Law Report: Case Summaries

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The following notes of judgments were prepared by the reporters of the All England Law Reports.


Stein v Blake; CA (Balcombe, Staughton, Waite LJJ); 5 May 1993.

After a bankcruptcy but before a balance of account had been ascertained under s323 of the Insolvency Act 1986, a trustee in bankruptcy may assign to a third party the bankrupt's claims against a person who is entitled to avail himself of the statutory right of set-off. Section 323, like its predecessor, s31 of the Bankruptcy Act 1914, was concerned only with the remedy available and not with the existence of debts. Therefore Farley v Housing & Commercial Developments (1984) BCLC 442 was wrongly decided.

Philip Hoser (Bray Walker) for the appellant; Michael Mark (Maislish & Co) for the respondent.


Sig Bergesen DY & Co v Mobil Shipping & Transportation Co; CA (Balcombe, Staughton LJJ, Sir Roger Parker); 28 April 1993.

A ship designed for the carriage of liquid petroleum gas was not off-hire for 20 days during which cleaning of contaminated tanks took place, since cleaning time was not to be regarded as time lost unless it was shown the time occupied exceeded the time which would have been occupied in normal cleaning. In the absence of negligence, and bearing in mind it was the charterer who decided the nature of the cargo carried, all cleaning must be regarded as normal if carried out with due diligence and proper equipment.

Bernard Rix QC and Duncan Matthews (Sinclair Roche & Temperley) for the owners; Stuart Boyd QC and Jeffrey Gruder (Allen & Overy) for the charterers.

Consumer credit

Hare v Schurek; CA(Lloyd, Mann, Steyn LJJ); 13 May 1993.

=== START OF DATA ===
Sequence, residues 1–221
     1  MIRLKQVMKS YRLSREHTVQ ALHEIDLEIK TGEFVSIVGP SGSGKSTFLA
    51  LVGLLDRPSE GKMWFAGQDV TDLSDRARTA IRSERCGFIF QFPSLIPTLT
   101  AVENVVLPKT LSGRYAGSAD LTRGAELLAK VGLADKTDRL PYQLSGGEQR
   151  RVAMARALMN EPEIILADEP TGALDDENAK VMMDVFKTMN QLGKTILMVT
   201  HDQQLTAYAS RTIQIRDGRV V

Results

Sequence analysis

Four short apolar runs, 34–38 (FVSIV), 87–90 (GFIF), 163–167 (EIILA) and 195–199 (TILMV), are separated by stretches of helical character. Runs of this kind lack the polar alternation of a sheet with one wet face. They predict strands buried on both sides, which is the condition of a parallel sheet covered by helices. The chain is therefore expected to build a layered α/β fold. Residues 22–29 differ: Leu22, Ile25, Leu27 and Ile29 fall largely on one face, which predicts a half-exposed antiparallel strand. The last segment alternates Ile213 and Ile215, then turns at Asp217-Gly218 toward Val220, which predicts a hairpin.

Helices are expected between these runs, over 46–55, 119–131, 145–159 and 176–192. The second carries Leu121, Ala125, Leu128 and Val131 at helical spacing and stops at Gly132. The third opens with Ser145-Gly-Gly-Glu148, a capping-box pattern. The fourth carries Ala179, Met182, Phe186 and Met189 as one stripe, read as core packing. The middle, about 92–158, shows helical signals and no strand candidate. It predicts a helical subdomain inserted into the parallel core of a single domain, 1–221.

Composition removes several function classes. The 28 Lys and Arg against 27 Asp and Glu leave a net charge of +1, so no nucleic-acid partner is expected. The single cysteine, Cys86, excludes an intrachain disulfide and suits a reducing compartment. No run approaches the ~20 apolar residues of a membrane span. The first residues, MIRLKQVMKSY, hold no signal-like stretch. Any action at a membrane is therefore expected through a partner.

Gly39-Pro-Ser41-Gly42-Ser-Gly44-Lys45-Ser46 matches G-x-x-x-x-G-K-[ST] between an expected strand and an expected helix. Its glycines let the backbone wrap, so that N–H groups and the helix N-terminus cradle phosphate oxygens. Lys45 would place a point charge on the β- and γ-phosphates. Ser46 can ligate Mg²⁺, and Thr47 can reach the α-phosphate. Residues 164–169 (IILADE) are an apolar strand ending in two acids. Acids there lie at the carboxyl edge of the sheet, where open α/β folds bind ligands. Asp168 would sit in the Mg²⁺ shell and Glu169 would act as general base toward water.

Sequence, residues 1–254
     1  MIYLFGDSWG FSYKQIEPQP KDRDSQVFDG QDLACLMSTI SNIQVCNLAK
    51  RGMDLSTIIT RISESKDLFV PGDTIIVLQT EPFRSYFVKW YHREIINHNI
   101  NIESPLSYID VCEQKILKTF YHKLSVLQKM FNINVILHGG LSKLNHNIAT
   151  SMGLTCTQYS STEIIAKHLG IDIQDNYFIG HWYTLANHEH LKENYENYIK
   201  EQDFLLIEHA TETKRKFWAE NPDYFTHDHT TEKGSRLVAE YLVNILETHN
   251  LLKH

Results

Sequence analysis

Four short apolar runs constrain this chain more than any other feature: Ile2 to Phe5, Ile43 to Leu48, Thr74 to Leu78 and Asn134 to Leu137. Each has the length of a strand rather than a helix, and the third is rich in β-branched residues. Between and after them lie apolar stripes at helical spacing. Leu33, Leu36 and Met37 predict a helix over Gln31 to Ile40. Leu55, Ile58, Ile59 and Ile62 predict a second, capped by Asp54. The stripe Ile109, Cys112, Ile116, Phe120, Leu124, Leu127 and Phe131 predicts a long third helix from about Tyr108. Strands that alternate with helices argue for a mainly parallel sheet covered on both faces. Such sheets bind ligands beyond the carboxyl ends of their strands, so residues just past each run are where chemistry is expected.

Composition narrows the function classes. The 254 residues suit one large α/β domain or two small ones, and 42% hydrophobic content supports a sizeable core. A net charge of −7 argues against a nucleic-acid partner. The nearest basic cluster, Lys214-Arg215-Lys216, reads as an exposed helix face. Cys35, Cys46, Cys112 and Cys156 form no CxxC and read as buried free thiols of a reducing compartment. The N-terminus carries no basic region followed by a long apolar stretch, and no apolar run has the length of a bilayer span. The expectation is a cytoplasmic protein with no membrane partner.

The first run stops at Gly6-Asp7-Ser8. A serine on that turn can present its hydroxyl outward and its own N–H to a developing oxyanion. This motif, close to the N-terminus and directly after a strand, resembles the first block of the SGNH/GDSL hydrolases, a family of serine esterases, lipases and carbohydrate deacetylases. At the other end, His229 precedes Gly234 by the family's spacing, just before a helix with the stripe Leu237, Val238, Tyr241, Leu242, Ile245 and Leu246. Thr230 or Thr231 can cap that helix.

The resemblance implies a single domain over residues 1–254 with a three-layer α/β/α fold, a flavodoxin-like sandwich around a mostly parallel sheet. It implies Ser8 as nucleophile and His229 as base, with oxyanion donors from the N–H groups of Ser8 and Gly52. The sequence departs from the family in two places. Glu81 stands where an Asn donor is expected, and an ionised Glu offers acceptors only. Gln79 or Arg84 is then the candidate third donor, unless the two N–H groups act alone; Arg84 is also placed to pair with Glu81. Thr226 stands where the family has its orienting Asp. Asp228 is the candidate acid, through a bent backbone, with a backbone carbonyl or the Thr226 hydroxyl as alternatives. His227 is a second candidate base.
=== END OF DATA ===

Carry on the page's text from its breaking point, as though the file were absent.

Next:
A consumer credit agreement entered into by a motor vehicle dealer under the Consumer Credit Act 1974 as a one-off or occasional transaction in the course of his business was a 'non-commercial agreement' within s189.

Sile McGuckian (Pictons Wade Gery Farr, Bedford) for the plaintiff; Clive Pithers (Stevensons, Huntingdon) for the defendant.


Middleton v Middleton; FD(Thorpe J); 25 May 1993.

On an application under s 18 of the Legal Aid Act 1988 for an order for the payment by the Legal Aid Board of the costs of a successful unassisted party in ancillary proceedings, the court has power under its inherent power to control its own procedures to grant an extension of time to the applicant to file an affidavit of means and resources in pursuance to Part XIV of the Civil Legal Aid (General) Regulations 1989 (SI no 339).

Mark Everall (David Burrows for Barker Ashton, Bury St Edmunds) for the applicant; Nigel Pitt (Solicitor, Legal Aid Board) for the board.


R v Orgles and anor; CA(Crim Div)(Nolan LJ, Wright, Holland JJ); 19 May 1993.

Where two jurors complained independently of each other that friction amongst the jury as a whole was affecting concentration, the judge erred in making enquiries of those jurors separately and in the absence of the rest of the jury. Where the circumstances giving rise to such an inquiry was internal to the jury, as opposed to an external circumstance affecting only one juror such as illness or an improper approach to a juror, the whole jury should be questioned in open court through their foreman to ascertain their capacity as a body to bring in a true verdict according to the evidence.

Philip Levy; Jeremy Ornstin (Registrar of Criminal Appeals) for the appellants; William J Jones (CPS) for the Crown.


R v Islington LBC, ex p Trail; QBD(Sir Louis Blom-Cooper QC, deputy High Court judge); 27 April 1993.

Where a decision was made, such as that a homeless person was not in priority need within s 59(1)9c) of the Housing Act 1985, the giving of reasons pursuant to s64 was important for two reasons: (a)it was a valuable form of self-discipline for the decision- maker, in ensuring that the decision arrived at was properly articulated; and (b) it was essential for the recipient of the decision, particularly an adverse one, to know why he had lost his application and to be able to assess the potention for challenge or appeal. A letter which simply set out all the categories of s59(1), including 'other special reasons' in sub-para (c), without indicating by reference to which the applicant's case had been considered or identifying what any 'other special reasons' might be, failed to comply with the duty to give reasons under s64.

Sylvester Carrott (Stennett & Stennett) for the applicant; Megan Thomas (Borough Solicitor) for Islington.